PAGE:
SANTA MONICA—On August 13, the City Council approved negotiations to begin on Santa Monica’s newest movie complex. This comes nearly a year after the initial process of the project began with AMC Entertainment Inc. Council members hope that the new theater will help bring more people back to the theater in Santa Monica, as they once did when the current theaters on Third Street Promenade first opened in the 1980s.
The new development will be headed by AMC Entertainment Inc. along with Metropolitan Pacific Capital (a locally based company). The planned location of the new theater is situated on city-owned property at Fourth Street andArizona Avenue, which at present houses a parking structure. Replacing the parking structure will be the new 83,000-square-foot multiplex that will feature 3D and IMAX capabilities. The theater will house 12 screens and 2,197 seats. There will also be a restaurant and 2,100 square feet of retail space for rent.
While there are four other theaters nearby on Third Street Promenade, the new complex will make for a different experience, which the council hopes will help bring Santa Monica up to speed with the rest of the many theater complexes found in Los Angeles.
Though a large multiplex may seem like a threat to the smaller theaters found on the Promenade, three of the four are already owned by AMC, such as the AMC Santa Monica 7, AMC Broadway 4 and Mann Criterion 6, which was acquired by AMC. That leaves only the Laemmle Monica 4-Plex Theater as the only non-AMC theater on the Promenade.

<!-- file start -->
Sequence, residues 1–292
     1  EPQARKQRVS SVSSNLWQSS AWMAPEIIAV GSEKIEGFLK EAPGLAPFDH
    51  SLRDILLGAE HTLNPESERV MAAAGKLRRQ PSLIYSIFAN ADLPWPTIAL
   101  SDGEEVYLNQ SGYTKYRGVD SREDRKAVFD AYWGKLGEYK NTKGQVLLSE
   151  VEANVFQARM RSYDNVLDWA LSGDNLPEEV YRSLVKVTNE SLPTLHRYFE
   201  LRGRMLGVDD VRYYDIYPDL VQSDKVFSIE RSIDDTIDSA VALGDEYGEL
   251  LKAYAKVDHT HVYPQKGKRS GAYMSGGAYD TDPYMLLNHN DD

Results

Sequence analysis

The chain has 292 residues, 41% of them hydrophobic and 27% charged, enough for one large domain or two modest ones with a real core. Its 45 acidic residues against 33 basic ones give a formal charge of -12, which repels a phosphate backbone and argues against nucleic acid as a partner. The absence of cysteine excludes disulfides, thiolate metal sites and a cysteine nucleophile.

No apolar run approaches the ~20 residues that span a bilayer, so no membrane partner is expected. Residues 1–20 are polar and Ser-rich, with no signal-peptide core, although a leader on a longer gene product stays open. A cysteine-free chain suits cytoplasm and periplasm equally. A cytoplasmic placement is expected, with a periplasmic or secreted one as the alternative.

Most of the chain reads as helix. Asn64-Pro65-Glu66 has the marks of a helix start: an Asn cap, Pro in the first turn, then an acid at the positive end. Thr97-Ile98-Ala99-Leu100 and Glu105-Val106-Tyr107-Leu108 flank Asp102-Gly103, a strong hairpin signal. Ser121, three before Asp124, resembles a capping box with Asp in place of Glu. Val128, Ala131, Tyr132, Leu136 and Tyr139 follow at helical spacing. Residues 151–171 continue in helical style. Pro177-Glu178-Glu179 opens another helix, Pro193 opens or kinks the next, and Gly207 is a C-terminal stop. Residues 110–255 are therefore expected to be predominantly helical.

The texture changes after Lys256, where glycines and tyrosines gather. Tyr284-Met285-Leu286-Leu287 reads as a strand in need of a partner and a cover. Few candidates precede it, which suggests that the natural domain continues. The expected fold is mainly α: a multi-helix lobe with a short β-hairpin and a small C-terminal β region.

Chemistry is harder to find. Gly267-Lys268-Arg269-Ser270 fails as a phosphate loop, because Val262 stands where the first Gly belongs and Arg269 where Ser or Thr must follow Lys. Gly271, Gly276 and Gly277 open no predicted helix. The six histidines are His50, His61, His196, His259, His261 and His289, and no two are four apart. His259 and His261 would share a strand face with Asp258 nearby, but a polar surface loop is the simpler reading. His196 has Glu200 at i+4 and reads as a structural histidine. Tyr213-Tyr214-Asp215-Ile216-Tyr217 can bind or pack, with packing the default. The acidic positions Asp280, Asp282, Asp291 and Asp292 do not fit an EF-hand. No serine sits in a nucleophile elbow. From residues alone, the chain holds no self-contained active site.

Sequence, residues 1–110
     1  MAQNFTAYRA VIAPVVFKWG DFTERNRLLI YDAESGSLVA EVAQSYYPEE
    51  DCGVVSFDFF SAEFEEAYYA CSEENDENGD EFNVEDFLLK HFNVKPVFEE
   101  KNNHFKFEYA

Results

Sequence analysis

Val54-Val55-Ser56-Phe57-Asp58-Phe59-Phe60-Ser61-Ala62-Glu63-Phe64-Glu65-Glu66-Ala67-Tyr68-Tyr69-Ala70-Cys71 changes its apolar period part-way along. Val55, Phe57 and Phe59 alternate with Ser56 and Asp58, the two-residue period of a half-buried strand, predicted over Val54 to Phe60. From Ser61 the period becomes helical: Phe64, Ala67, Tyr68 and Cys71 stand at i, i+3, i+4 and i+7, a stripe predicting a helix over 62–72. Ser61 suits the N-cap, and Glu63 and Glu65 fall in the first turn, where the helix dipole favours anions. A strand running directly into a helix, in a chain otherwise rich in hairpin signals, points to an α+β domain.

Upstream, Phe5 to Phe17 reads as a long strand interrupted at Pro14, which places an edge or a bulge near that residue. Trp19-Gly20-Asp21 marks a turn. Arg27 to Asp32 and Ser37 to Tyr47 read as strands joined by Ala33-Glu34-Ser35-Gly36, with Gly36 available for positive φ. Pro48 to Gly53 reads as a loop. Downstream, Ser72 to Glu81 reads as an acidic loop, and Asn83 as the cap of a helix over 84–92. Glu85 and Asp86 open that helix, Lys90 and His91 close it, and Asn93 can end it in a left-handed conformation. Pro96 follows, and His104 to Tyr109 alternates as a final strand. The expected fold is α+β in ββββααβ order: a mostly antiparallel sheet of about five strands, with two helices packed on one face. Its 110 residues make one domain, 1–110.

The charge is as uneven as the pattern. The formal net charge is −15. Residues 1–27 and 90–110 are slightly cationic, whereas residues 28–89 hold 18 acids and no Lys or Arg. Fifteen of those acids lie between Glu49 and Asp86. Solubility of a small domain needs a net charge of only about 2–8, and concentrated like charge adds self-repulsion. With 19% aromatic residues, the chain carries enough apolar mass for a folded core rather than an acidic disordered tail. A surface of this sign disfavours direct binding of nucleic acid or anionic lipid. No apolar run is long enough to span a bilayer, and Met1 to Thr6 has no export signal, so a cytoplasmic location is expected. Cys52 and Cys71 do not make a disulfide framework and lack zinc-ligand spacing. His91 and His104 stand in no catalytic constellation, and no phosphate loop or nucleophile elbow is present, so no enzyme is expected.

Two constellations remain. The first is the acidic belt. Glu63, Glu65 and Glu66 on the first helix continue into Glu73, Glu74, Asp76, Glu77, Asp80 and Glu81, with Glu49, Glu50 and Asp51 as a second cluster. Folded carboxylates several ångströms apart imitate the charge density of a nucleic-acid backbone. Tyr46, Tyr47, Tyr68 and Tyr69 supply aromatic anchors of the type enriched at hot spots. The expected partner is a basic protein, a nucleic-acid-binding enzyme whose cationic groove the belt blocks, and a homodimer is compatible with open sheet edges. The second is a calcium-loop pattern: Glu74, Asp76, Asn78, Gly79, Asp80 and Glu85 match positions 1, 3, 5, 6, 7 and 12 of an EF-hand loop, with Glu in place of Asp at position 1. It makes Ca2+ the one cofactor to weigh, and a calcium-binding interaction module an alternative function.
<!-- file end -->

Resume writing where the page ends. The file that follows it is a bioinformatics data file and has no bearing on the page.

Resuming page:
Canyon News spoke with Laemmle Monica 4-Plex Theater’s operations manager who was aware of the development of the new theater and was not too concerned by the new construction stating that, “AMC’s presence has always been felt,” and is “not something new.” As an art house theater he felt they also had “their own customers.”
Not to be completely overshadowed by the new theater, the other existing AMC theaters on the Promenade are slated to be revamped with stadium seating, as well as more modern features. It will likely result in the number of screens decreasing; however, a more comfortable movie going experience will be created.
Concerns surrounding the construction have been brought forth to the council from public speakers who were worried about parking spaces being lost during construction. To help ease this issue, the library downtown will provide some parking below the library, as well as the Civic Center Structure, which will be able to leave street parking for tourists or those visiting Downtown Santa Monica.
Once a development agreement is reached, an environmental review must be completed. The next step will be for the project to be presented before the Planning Commission and City Council in order to gain authorization. In addition to this, the project must also be reviewed by The California Coastal Commission.
Since the project is part of a development agreement, public benefits must be included as part of the project. At present these include the theater being used for events such as a public art space, hosting community events, as well as reimbursing future employees for travel expenses.
Construction is planned to last one year, and the permit process is estimated to take 18 months.